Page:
Friday, March 23, 2007

The rule of law (or not)

The whole Baha Musa case makes me furious. Not because a man was killed. Not because the Army Prosecuting Authority brought the case to Court Martial. Not because of the seriousness of the charges. (Not even because the APA have never heard of pdfs.) Not because Corporal Payne pleaded guilty to inhumane treatment. Those all make me seeth. This makes me furious.

My apologies to NotSaussure, who blogged about it here. I did try to write this posting as a comment but I had thought I had fallen foul of Wordpress but I see my comment is up now.

Some anonymous genius wrote ( :) ):
The relevant convention is the 4th Geneva convention - Bahar Musa was a civilian not a known combatant (who would have been protected under the 1st or 3rd Conventions or, if considered outwith those, should have been handed over to the civilian legal authorities.) The enabling UK law is the International Criminal Court Act 2001 and Courts Martial can try cases under civil law in accordance with Section 70 of the Army Act 1955.

Advice, from the chain of command, that conduct contrary to (any of) the Geneva Conventions is also likely to be criminal under Article 8 of the Statute of the International Criminal Court, which specifically mentions “when committed as part of a plan or policy” and this would probably fall under 8(a)(iii). If a soldier commits such an act off their own bat, it is a crime (and can be tried and punished under the Army Act) - if there is a plan to do it, it is also a war crime. We wait to see.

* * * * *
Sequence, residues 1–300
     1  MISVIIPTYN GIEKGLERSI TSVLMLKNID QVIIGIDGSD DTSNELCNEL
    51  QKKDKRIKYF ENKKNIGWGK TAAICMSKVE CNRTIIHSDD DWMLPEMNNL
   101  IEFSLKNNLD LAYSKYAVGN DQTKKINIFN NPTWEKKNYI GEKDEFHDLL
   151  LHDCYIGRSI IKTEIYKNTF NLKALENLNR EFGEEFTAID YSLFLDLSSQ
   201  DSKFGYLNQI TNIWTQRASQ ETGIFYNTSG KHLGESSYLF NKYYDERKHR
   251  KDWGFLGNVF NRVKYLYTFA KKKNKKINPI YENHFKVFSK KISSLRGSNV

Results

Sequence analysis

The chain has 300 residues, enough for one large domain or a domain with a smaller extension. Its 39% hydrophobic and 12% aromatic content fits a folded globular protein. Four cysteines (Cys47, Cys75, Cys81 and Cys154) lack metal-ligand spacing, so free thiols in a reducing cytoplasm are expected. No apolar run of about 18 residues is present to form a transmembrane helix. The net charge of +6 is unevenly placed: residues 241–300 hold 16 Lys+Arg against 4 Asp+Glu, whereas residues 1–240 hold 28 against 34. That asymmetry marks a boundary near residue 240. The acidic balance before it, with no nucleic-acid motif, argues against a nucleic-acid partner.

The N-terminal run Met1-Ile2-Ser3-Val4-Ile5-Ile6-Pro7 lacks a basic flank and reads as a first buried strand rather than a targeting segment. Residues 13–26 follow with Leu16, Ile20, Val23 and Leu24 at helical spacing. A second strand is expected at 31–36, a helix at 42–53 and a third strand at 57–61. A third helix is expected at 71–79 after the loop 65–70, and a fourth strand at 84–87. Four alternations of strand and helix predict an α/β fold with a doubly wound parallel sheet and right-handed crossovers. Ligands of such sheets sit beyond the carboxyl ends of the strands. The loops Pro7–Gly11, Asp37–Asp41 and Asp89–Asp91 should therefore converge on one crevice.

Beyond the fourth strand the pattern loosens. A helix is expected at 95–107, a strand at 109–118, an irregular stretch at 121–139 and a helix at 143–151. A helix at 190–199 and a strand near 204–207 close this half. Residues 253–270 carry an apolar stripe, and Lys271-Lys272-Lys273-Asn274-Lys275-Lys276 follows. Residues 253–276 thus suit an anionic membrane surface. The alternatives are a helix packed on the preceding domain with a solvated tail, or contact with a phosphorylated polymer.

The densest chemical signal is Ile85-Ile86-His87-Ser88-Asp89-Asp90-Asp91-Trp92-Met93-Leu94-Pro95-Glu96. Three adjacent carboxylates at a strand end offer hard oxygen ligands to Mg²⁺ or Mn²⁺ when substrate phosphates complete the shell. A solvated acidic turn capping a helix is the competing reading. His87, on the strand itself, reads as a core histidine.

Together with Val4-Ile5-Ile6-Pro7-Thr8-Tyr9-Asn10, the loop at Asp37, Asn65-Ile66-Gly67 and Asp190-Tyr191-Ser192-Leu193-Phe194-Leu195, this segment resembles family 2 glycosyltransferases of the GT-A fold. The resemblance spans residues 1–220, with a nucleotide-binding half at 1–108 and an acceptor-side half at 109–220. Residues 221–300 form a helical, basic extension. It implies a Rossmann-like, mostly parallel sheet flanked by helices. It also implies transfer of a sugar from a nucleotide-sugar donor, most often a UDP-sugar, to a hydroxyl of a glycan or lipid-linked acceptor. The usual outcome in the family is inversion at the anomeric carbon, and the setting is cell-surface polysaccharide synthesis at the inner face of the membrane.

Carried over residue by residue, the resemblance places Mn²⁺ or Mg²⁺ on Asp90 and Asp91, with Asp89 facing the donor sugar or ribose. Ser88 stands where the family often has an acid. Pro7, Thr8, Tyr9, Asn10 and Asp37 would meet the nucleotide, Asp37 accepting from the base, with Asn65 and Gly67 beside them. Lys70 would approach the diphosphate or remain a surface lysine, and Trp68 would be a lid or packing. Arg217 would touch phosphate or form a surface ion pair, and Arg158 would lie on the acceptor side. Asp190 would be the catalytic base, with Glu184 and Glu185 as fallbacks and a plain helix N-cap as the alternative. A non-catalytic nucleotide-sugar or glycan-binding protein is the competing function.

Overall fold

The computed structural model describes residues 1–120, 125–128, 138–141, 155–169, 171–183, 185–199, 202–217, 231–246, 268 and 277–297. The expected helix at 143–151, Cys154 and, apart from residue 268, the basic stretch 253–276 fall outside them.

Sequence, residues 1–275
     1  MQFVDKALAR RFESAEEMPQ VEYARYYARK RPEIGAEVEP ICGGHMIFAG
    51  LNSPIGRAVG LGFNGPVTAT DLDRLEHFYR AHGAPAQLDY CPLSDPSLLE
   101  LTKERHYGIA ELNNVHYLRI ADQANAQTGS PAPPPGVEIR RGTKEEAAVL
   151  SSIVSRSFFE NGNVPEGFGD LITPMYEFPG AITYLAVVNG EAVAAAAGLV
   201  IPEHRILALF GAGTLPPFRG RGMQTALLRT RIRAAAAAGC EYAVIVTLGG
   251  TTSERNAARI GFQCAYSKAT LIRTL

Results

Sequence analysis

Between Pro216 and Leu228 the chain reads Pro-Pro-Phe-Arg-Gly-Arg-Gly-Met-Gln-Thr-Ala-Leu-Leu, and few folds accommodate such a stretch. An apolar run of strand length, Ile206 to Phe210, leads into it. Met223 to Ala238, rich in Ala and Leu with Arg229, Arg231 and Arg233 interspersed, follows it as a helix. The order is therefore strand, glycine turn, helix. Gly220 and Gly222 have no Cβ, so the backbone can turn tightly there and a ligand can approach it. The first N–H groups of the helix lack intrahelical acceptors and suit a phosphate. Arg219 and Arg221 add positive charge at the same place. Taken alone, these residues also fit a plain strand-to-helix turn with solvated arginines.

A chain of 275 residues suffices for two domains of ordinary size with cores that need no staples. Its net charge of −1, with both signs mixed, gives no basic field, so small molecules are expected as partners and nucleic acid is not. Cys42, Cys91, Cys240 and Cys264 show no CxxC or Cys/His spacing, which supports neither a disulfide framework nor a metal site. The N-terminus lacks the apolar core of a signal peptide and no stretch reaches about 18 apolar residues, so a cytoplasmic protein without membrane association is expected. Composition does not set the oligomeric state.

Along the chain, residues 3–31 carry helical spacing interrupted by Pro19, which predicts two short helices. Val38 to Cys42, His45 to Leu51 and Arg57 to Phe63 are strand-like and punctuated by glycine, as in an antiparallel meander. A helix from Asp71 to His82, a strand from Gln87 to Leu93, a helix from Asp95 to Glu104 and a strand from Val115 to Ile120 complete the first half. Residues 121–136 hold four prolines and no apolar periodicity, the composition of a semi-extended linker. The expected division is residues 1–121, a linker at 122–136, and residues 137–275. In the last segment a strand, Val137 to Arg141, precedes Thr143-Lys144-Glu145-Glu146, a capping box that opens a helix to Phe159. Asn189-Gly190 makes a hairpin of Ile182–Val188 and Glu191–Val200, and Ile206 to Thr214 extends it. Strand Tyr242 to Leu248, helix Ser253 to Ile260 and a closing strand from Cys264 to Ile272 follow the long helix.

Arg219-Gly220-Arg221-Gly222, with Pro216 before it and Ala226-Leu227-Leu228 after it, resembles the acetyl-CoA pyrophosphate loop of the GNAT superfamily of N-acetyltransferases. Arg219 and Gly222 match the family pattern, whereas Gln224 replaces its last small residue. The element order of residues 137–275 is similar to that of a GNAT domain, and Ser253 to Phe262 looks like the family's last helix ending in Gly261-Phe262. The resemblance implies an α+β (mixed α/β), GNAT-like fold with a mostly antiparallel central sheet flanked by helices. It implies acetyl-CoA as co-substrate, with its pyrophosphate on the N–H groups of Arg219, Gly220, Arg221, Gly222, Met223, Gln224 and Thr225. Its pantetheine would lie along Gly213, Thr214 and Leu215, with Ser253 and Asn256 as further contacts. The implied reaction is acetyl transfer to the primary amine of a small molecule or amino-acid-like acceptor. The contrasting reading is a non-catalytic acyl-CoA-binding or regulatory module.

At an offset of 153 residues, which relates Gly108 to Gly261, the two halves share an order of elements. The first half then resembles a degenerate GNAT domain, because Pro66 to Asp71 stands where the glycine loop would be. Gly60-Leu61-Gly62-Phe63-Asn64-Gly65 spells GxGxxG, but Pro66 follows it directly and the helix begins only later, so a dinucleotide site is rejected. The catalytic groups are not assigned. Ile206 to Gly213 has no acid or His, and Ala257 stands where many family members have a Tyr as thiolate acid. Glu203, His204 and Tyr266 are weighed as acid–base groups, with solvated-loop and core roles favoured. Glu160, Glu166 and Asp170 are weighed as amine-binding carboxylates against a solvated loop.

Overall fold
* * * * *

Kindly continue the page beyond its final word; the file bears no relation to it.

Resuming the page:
So, we have waited a bit. Nothing here or here. Okay.

We, the despised British public, have been told of evidence in Court that the Army chain of command approved the illegal treatment. If the Army, or the Crown Prosecution Service, will not bring Majors Robinson and Clifton into a public forum to account for the "advice" they gave, then maybe this is a matter for the ICC? Or maybe not.

You see the Battle Group is subordinate to the Brigade, who are under the command of "Multi-National Division (South East)" - with a British commander - who are under the command of the Americans. Who are responsible for this and this and are not a State Party to the Rome Statute of the ICC.

What bets that the senior legal officer who signed off on the treatment by British troops is an un-prosecutable Yank? Wouldn't give you odds, myself.


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